Issuing his findings, Prof McCormac, said: "Our recommendations reinforce existing good practice.

"Our advice on contact time will increase flexibility in the teaching profession, and revitalising professional development will enhance teacher education, further improving the quality of teachers in Scotland."

Education Secretary Mike Russell broadly welcomed the report, and said its recommendations would be discussed with teaching unions, local authorities and others.

He added: "Some of this work will be through the Scottish Negotiating Committee for Teachers and some will be done separately and will build on partnerships already in play."

Ronnie Smith, general secretary of Scotland's largest teaching union, the EIS, said the McCormac review had come at a time when "increasingly beleaguered" teachers were having to sacrifice some conditions while facing a pensions raid and a pay freeze.

He added: "The initial overall impression is that the report weakens key contractual protections introduced in the 2001 agreement and strengthens managerialist, as opposed to collegiate, approaches.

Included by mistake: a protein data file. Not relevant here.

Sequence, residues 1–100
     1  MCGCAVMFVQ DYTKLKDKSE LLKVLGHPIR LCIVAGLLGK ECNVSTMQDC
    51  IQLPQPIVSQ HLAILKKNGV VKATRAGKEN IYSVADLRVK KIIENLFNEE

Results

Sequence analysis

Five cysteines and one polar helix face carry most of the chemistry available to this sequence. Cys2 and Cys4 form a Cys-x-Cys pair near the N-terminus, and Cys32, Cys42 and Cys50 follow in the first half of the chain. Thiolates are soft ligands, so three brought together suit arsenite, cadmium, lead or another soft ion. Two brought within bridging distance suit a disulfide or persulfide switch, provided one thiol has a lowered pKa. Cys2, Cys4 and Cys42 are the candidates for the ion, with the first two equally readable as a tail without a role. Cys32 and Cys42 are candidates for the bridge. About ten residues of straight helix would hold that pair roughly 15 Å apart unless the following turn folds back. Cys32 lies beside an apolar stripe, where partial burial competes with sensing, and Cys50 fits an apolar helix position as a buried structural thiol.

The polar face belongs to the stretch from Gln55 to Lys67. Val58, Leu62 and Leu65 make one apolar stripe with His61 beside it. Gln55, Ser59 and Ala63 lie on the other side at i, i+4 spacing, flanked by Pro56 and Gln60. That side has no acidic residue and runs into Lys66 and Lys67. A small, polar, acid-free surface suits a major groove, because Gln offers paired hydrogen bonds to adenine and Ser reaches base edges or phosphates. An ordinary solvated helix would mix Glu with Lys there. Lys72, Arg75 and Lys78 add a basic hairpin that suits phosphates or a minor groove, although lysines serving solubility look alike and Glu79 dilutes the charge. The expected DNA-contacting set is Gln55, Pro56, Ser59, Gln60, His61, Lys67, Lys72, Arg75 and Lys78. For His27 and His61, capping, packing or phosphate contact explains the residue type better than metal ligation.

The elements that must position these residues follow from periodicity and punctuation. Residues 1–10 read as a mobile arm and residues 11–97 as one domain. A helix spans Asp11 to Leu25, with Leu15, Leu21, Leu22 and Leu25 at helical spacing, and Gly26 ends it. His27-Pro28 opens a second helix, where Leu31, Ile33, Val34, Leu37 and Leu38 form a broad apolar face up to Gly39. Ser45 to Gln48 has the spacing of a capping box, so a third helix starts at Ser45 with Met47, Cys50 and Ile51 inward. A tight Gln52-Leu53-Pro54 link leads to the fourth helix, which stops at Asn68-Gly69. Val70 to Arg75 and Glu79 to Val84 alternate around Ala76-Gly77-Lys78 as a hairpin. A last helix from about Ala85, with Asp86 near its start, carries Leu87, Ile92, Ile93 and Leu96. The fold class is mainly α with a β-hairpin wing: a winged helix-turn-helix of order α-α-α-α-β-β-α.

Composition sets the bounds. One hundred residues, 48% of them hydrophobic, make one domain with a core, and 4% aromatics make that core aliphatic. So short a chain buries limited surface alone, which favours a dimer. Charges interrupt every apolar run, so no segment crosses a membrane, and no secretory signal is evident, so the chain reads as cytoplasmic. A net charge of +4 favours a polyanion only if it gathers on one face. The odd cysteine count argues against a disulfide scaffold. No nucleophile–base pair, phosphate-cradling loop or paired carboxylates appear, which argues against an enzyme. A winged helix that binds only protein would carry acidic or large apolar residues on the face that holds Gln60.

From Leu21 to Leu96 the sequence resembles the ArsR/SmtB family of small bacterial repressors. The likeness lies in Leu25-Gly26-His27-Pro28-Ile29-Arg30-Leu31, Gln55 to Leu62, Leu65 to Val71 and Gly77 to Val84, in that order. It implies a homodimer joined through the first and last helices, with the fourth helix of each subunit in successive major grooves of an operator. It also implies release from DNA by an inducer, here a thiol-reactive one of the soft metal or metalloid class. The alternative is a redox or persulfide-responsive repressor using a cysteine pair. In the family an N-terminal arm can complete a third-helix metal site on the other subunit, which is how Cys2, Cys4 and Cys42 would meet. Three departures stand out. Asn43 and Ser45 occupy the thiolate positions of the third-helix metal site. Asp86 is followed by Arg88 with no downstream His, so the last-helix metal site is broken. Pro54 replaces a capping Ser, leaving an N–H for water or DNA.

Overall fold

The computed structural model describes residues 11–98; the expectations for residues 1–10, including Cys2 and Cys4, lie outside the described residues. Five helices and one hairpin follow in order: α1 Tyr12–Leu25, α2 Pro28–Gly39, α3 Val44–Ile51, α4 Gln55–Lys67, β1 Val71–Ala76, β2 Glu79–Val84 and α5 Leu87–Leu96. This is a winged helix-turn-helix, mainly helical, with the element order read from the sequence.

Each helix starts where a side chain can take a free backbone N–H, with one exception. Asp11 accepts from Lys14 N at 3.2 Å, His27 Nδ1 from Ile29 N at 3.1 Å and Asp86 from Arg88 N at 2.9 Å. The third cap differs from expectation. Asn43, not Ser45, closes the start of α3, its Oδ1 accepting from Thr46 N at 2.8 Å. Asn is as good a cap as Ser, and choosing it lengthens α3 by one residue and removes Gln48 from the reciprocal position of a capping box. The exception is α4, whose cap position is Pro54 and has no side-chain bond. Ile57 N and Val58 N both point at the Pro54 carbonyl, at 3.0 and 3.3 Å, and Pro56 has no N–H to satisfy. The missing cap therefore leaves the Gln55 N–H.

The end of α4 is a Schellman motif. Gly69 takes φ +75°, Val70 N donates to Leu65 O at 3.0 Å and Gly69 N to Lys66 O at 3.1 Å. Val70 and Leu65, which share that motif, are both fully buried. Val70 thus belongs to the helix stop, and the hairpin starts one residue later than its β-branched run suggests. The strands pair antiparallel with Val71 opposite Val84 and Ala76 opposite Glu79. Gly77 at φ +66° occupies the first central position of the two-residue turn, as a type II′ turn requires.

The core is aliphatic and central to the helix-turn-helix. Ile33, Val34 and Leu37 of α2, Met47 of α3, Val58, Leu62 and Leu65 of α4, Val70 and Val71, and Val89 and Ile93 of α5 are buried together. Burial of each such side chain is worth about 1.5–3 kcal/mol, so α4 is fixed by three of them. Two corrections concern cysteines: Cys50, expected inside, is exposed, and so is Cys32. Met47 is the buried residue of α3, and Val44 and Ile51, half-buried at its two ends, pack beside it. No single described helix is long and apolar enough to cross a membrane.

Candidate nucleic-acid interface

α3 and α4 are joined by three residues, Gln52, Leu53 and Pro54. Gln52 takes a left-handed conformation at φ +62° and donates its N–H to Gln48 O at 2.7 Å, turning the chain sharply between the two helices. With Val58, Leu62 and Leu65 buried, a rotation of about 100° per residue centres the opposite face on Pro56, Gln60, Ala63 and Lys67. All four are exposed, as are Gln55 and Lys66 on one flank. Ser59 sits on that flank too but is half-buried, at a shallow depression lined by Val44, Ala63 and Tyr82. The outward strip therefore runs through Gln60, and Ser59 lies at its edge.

"Under the guise of 'flexibility', even greater burdens and controls are proposed for teachers who will have to rely on the benevolence of the headteacher to spare them from excessive workload."

"The proposals to reconfigure working time will not be well-received and, if implemented, would require a clock-watching approach that sits uncomfortably with enhanced professionalism."

Labour education spokesman Ken Macintosh MSP said some of the recommendations would "drastically" change teacher duties.

"With the number of teachers plummeting under the SNP, teachers are already under significant pressure - never mind piling more onto their plates," he said.

"Teachers should be left to teach, not dish out school dinners or repair computers.

'Plethora of rules'